Hikvision's Director Of Cybersecurity And Privacy Says IoT Devices With Backdoors 'Can't Be Used To Spy On Companies, Individuals Or Nations'

from the O-RLY? dept

Hikvision describes itself as "an IoT solution provider with video as its core competency". It hasn't cropped up much here on Techdirt: it was mentioned earlier this year as one of two surveillance camera manufacturers that had been blacklisted by the US government because they were accused of being "implicated in human rights violations and abuses" in Xinjiang. Although little-known in the West, Hikvision is big: it has "more than 42,000 employees, over 20,000 of which are R&D engineers." Given the many engineers Hikvision employs, the following comment by Fred Streefland, Director of Cybersecurity and Privacy at Hikvision EMEA (Europe, the Middle East and Africa), reported by IPVM, is rather remarkable:

even devices with backdoors can't be used to spy on companies, individuals, or nations. The security features built into devices, networks, and data centres, combined with end-users data-protection responsibilities, make espionage and other misuses of backdoors impossible.

Streefland expanded on why data protection laws make espionage "impossible":

the end-users who buy these cameras are responsible for the data/video footage they generate. In other words, they're the data custodians who process the data and control the video footage, which is legally required to be kept private. Secret access to video footage on these devices is impossible without the consent of the end-user.

An interesting theory, but not one that security guru Bruce Schneier has much time for. IPVM asked him to comment on Streefland's statements:

I would say that only someone who doesn't understand cybersecurity at all would say something like that. But he's a CSO [Chief Security Officer], so he's probably deliberately saying something that stupid in order to sell you something.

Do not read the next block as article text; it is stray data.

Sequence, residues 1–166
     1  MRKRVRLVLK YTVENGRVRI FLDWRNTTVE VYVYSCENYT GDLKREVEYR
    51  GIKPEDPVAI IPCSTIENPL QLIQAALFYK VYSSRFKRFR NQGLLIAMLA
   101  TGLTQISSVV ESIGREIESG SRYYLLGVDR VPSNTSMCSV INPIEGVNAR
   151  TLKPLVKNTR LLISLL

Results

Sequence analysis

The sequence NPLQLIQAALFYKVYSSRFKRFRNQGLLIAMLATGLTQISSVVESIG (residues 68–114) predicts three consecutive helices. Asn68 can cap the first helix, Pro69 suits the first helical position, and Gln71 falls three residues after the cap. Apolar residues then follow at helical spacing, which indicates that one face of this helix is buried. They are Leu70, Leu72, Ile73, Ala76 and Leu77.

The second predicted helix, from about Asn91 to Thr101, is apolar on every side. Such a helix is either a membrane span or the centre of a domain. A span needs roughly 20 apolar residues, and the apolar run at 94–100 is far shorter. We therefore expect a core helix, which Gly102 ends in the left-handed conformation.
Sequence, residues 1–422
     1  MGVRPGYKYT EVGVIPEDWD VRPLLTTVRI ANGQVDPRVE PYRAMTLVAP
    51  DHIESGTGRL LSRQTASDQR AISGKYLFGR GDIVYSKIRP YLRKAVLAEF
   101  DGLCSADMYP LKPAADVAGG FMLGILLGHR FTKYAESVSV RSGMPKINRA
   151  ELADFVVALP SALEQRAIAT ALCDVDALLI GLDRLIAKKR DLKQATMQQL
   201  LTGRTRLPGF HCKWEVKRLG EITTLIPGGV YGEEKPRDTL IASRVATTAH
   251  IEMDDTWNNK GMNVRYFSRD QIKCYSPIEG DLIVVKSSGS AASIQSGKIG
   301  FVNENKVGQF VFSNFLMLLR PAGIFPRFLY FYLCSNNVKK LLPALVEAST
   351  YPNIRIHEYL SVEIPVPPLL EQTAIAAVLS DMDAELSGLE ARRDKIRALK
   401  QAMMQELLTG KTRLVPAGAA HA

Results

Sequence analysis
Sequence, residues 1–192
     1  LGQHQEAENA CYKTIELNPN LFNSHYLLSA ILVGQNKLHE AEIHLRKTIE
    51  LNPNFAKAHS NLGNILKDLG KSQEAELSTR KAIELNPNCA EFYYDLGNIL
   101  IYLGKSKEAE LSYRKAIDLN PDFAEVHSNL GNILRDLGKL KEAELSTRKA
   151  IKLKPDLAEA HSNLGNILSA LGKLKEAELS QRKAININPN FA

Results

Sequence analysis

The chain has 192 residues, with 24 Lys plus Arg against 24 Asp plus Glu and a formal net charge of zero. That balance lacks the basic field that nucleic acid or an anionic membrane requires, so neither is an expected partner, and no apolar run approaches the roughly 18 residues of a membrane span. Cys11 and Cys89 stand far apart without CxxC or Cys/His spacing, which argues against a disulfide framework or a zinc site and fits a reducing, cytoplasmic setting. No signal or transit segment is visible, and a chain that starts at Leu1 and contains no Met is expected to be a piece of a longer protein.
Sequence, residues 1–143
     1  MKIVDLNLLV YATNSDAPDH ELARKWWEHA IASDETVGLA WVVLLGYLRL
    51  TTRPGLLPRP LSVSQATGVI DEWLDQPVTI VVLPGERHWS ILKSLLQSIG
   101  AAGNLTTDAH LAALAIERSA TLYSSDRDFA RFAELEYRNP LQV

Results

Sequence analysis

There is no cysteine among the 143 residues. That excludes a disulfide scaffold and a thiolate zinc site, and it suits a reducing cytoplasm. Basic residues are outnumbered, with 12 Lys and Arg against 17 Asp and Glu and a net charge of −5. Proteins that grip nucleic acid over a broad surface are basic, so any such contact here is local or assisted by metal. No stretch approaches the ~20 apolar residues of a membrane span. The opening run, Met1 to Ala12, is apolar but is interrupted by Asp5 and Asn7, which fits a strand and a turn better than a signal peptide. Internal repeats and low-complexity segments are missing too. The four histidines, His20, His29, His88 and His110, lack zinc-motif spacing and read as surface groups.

That's a polite way to put it. As many stories on Techdirt attest, IoT products in general, and video cameras in particular, have huge security problems, often caused by backdoors, that have led to all kinds of spying at every level.

It seems that someone at Hikvision has realized just how ludicrous Streefland's comments were. The original source for the IPVM story is an interview with Streefland published by Benchmark Magazine. That interview is taken almost verbatim from a post on Hikvision's own blog, called "Debunking myths in the security industry." By an amazing coincidence, both the original interview and the blog post now lead to "404 not found" messages. Happily, the Internet Archive's indispensable Wayback Machine still has copies of both the interview and the blog post, where Streefland's words of wisdom quoted above can be found, along with some other choice thoughts on security.

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Filed Under: backdoors, cybersecurity, fred streefland, iot, privacy, surveillance
Companies: hikvision


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  1. icon
    Scary Devil Monastery (profile), 24 Nov 2021 @ 4:19am

    Re: It's ok, I locked it...

    "And it is absolutely inconceivable that a malicious actor, with a long history of picking locks or kicking down doors, could possibly get past this."

    You forgot to add "...We guarantee the only people we provided with skeleton keys to said backdoors are law enforcement officials, national security officials, medical officials, insurance auditors, city health and safety regulation officials, fire safety officials, various key personnel serving the departments mentioned above. None of which have ever reported a skeleton key missing or copied. Trust us."


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